This preview has intentionally blurred sections. Sign up to view the full version.View Full Document
Unformatted text preview: An Alternate Proof of the Vector Triple Product Formula
William C. Schulz, Northern Arizona University, Flagstaff, AZ Here is a proof of the vector triple product formula
which is based on the scalar triple product formula
and the observation that
n X (c X n) = |n|2c for cJ_n. (3) (Note that cJ_n implies |n X (c X n)| = |n|2|c| and, by the right-hand rule,
n x (c x n) points in the same direction as c.) The proof of (l) is trivial if b and c are linearly dependent. Assume they are not,
in which case b x c = n # O and the perpendicularity property of the cross product
implies that a X (b X c) is in the plane of b and c. Thus, a><(b><c)=>\b+uc (4) for some scalars A, ,u. To determine A and u, take the dot product of both sides with
(c X n)/[bcn] (where n = b X c) and note that [bcn] = (b X c) ~ 11 = n O n = |n|2. This
yields (an)_ b‘(c><n) c-(an)
ax(bxc)l [bcn] _>\ [bcn] +M [hen]
lnlz _>\ a-c=}\. Observe that, since c X b = — (b X c),
Now begin with (4), and proceed anew with b and c interchanged. This yields
a - b = — ll: (5) completing the proof of (1). Alternatively, one may obtain (5) by taking the dot
product of (4) with (b X n)/[bcn]. It is possible to make the entire proof “thumb free” by proving (3) as follows.
The perpendicularity property implies n><(c><n)=ozc+,8n. (6) Taking the dot product of (6) with 11 gives 0 = a0 + ,8n - n, yielding ,8 = 0. Taking
73 the dot product with c and using (2) yields
ac-c=c~n><(an)=(c><n)-(c><n)=|c><n|2= |c|2|n|2; so a = |n|2, proving (3). This shows that (3), and thus (1), would remain valid if the cross product were defined by a left-hand rule instead of a right-hand rule.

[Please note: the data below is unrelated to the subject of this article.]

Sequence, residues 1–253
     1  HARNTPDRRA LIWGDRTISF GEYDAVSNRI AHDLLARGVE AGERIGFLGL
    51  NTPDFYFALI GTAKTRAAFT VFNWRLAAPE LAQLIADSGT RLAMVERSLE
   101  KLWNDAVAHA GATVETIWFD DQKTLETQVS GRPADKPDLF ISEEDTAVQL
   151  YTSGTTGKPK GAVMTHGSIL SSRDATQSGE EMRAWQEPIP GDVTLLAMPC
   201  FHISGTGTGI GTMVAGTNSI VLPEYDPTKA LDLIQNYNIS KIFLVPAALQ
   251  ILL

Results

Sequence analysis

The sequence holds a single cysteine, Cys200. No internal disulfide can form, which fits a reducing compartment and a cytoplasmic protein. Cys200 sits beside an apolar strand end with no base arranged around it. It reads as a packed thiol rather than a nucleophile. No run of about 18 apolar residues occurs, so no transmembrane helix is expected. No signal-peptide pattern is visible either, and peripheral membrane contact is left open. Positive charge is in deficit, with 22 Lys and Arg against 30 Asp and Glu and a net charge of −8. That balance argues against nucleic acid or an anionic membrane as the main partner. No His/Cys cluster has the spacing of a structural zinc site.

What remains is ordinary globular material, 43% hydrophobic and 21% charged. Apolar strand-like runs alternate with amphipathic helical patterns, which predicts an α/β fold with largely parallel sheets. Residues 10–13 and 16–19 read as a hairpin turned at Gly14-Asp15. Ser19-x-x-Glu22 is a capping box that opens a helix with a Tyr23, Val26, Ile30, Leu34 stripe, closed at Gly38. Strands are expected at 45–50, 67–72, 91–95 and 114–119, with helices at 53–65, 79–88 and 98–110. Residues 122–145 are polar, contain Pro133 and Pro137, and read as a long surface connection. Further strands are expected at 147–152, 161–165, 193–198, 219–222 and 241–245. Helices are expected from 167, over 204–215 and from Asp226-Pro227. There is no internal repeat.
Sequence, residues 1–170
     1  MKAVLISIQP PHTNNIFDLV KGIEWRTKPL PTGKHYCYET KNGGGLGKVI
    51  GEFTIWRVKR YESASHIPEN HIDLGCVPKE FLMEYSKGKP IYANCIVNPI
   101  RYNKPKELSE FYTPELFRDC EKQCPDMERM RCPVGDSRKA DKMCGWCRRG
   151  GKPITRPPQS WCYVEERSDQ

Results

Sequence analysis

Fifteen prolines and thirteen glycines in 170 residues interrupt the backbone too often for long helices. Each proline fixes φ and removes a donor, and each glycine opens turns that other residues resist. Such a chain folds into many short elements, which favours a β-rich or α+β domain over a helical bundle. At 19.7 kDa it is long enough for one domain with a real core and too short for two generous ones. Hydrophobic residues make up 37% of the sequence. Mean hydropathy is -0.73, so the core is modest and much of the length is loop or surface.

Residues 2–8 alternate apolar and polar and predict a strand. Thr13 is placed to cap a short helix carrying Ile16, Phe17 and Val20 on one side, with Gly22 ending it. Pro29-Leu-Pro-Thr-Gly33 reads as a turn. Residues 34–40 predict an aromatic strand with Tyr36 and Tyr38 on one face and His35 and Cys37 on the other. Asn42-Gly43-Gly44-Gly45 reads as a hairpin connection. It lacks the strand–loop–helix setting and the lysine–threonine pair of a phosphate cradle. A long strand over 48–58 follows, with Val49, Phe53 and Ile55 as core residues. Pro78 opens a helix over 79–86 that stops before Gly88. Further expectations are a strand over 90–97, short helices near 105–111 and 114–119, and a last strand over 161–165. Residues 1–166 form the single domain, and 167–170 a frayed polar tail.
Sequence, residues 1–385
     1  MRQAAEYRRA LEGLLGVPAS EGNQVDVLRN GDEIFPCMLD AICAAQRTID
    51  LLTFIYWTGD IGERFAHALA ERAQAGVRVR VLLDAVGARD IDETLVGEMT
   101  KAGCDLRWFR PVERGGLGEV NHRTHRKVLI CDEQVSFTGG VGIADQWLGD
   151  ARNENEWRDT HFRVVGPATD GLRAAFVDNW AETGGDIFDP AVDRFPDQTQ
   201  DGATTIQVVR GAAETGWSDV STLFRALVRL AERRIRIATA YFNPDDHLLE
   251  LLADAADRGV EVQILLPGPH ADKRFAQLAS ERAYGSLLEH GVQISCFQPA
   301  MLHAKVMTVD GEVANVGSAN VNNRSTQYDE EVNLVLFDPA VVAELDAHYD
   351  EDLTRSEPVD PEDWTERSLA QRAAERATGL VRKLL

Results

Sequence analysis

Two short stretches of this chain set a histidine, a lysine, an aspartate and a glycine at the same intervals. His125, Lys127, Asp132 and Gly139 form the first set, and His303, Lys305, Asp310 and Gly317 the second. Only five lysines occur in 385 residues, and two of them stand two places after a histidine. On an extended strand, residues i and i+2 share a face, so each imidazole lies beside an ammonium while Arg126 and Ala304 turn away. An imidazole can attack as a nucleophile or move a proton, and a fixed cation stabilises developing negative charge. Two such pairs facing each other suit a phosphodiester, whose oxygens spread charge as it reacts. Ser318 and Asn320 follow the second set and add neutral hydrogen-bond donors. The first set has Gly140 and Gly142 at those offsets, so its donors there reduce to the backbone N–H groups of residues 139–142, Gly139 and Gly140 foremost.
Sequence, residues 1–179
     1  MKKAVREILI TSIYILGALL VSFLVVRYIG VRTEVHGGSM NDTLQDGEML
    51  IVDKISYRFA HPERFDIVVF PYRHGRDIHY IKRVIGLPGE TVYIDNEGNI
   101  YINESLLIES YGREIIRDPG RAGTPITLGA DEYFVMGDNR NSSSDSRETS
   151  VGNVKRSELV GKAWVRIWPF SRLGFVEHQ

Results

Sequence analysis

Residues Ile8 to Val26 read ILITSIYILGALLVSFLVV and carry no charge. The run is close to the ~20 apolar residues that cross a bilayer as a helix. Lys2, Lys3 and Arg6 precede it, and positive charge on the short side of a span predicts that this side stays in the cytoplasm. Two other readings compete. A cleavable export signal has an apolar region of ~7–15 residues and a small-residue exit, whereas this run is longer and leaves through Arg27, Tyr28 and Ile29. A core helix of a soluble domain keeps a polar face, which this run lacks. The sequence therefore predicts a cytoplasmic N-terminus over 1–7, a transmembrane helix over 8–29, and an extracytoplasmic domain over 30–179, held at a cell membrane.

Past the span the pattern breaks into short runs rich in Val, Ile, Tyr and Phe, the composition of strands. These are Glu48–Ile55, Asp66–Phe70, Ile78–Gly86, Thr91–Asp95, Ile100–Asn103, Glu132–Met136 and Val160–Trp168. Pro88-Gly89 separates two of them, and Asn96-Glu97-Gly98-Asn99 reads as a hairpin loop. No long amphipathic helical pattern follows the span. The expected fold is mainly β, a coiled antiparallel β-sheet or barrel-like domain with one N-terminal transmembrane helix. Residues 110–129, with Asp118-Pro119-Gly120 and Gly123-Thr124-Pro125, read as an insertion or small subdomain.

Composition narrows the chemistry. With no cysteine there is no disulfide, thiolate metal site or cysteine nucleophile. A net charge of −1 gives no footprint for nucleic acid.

0 A Nonstandard Solution to a Standard Problem
Florence S. Gordon, New York Institute of Technology, Old Westbury, NY Sometimes, the usual solution to a standard problem becomes so routine that one
never thinks to look beyond it for an alternate solution. A case in point is the old
standby: Find the equation of the circle, given the coordinates P1(al,bl) and
P2(a2,b2) of the endpoints of a diameter. The standard approach leads us to locate the center, calculate the radius, and
then substitute into the formula for the equation of a circle to obtain a1 + a2 2 b1 + b2 2 (a1 — a2)2 +(b1— b2)2
(x — ) + y — = —— .
2 2 4
Expanding and simplifying this, we obtain xz—(a1 +£12)x+y2—(bl +b2)y+ala2+b1b2=0. (l) A simpler and more elegant approach can be based on geometric principles. If
Q(x, y) is any point on the circle different from P1 and P2, then the angle P1 QP2 is
a right angle. Thus, the slopes of P1 Q and P2 Q are negative reciprocals, and we
have y_b1 X_a2 x—a1 y—b2. This, upon cross-multiplying, immediately leads to the same solution as in (1)
above. This method also provides a different geometric insight to this standard
problem. This approach can be extended to handle the comparable problem in
three dimensions: find the equation of the sphere, given the endpoints of any diameter.
The standard approach is to parallel the initial argument mentioned above, using
analytic geometry. A much simpler approach is to utilize some elementary vector
analysis. If Pl(al,bl,c1) and P2(a2,b2,c2) are the two given points and Q(x, y, z) is
any other point on the surface of the sphere, then the vectors P1 Q and P2 Q must
be perpendicular, and so their dot product will be zero. This leads directly to the
solution x2 — (a1 + a2)x + ala2 +y2 — (bl + b2)y + blb2 + 22 — (c1 + c2)z + clc2 = 0. Editor’s Note: The same type of argument [see, for example, page 112 of C. H. Lehmann’s Analytic
Geometry, John Wiley & Sons, 1942] can be used to prove that any angle Pl QP2 inscribed in a circle is a
right angle. Pl(— r, 0) and P2(r, 0) determine the circle x2 + y2 = r2. For any point Q(x, y) on this circle,
Pl Q has slope m1=y/(x + r) and P2Q has slope m2 =y/(x — r). Hence, mlmz =y2/(x — r)2 = — l. O 74 ...
View Full Document
This note was uploaded on 09/26/2011 for the course PHYSICS 106 taught by Professor Arubi during the Summer '11 term at UCLA.
- Summer '11